Safety Points to Consider Every Trip

Weather, Boat, Crew - Any Constraints of any kind?  Bilge pumps working? 

Storms likely?  Fire extinguishers OK?  Lights working?  Extra water aboard?

Float Plan - Left with a trusted person on shore?  (includes emergency contacts information of the crew)

Boat and its Electronics - All crew should be familiar with basic functions and operation.

Communications - VHF, cell phone numbers circulated, EFIRB's, etc.  (charged and cords too)

Emergency Equipment - Life Preservers, Cell phones, EFIRB, SPOT, or EnReach, etc.

First Air Kit - Usually cuts and punctures, includes any specialized items for crew or trip.

"GO" or "DITCH" Bag ready and onboard?

Be ready in case someone goes overboard - Throwable ready, etc.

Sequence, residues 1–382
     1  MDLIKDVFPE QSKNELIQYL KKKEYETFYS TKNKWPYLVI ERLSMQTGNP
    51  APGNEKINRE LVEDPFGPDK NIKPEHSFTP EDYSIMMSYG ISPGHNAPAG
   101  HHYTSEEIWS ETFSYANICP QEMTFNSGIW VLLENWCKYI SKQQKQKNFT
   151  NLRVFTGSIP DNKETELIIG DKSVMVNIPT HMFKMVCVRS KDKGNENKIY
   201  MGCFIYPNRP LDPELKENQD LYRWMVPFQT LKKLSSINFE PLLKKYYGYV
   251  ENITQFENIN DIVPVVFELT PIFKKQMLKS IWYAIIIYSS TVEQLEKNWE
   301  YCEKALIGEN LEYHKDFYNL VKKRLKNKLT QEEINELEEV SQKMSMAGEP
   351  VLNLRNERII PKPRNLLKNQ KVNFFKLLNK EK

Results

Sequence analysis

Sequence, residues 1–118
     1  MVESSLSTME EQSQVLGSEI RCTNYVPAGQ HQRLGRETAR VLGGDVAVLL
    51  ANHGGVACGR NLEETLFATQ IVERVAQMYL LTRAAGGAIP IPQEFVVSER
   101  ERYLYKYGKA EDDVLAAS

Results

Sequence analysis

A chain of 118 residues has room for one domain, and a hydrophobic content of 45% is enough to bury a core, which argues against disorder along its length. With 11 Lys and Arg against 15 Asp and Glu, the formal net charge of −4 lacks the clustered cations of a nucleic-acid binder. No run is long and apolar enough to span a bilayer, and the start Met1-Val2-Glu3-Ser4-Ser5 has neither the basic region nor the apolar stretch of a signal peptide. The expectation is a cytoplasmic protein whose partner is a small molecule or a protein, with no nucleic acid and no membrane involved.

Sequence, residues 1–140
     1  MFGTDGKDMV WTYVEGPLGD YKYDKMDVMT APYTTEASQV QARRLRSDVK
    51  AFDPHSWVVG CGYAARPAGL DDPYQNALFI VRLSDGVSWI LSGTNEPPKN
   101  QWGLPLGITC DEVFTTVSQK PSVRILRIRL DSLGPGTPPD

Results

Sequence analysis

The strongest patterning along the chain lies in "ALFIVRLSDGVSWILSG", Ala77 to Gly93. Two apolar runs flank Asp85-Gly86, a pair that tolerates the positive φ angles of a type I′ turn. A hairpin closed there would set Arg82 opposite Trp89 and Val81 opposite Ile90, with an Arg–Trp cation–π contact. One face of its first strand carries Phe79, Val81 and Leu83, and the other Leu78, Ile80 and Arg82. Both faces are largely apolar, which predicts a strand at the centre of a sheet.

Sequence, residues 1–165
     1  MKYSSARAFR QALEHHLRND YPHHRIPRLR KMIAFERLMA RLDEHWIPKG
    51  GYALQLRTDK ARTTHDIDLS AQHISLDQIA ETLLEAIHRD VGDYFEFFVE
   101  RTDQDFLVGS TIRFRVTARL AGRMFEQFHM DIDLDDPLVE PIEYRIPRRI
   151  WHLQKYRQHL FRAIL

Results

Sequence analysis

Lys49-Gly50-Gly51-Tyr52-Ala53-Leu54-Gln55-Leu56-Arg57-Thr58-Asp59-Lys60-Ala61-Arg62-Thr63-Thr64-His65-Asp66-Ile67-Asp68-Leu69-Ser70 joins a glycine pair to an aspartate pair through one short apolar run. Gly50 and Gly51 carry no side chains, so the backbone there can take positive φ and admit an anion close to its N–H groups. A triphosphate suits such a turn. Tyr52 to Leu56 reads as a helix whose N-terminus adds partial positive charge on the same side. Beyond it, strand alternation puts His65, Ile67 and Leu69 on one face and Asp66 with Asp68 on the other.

Communicate your Plans to the Crew - Keep it simple and ask for questions.  Let them know where your emergency stuff is and what they are expected to do.

During the Trip - Be aware, Keep a good lookout, know what's going on with the other boats.


Reel Anglers Multi-Boat Trip Protocol

These trips are for fun, so let's all act like it,  be courteous, on time, and responsible.  If you see something that needs doing, take care of it.  Communicate with the crew and captains in advance so everyone has a clear idea of the intended trip.

When on a multi-boat trip, get a common float plan and let the group know when you deviate from it.  If you leave the fishing area before the others, let them know you are leaving so they 1) don't start looking for you, and 2) know that you have left.  All captains should have a clear and continuous idea of the route, destination, and other boats on the trip.

Pick a VHF channel for the trip (usually 68, 69, or 71) and if it's busy that day make sure everyone is aware of any change.  If you are on an inshore trip, the group may prefer cell/text usage of VHF.

No Firearms or Alcohol should be brought onboard without permission of the captain.